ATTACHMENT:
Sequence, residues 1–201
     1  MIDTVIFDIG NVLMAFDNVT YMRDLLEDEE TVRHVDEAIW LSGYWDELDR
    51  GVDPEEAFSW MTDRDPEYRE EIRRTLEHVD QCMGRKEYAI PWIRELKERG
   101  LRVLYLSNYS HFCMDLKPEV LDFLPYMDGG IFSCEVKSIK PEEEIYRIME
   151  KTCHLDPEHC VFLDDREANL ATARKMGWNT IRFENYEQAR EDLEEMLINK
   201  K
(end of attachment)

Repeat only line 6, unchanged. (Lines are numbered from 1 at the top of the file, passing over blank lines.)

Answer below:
   201  K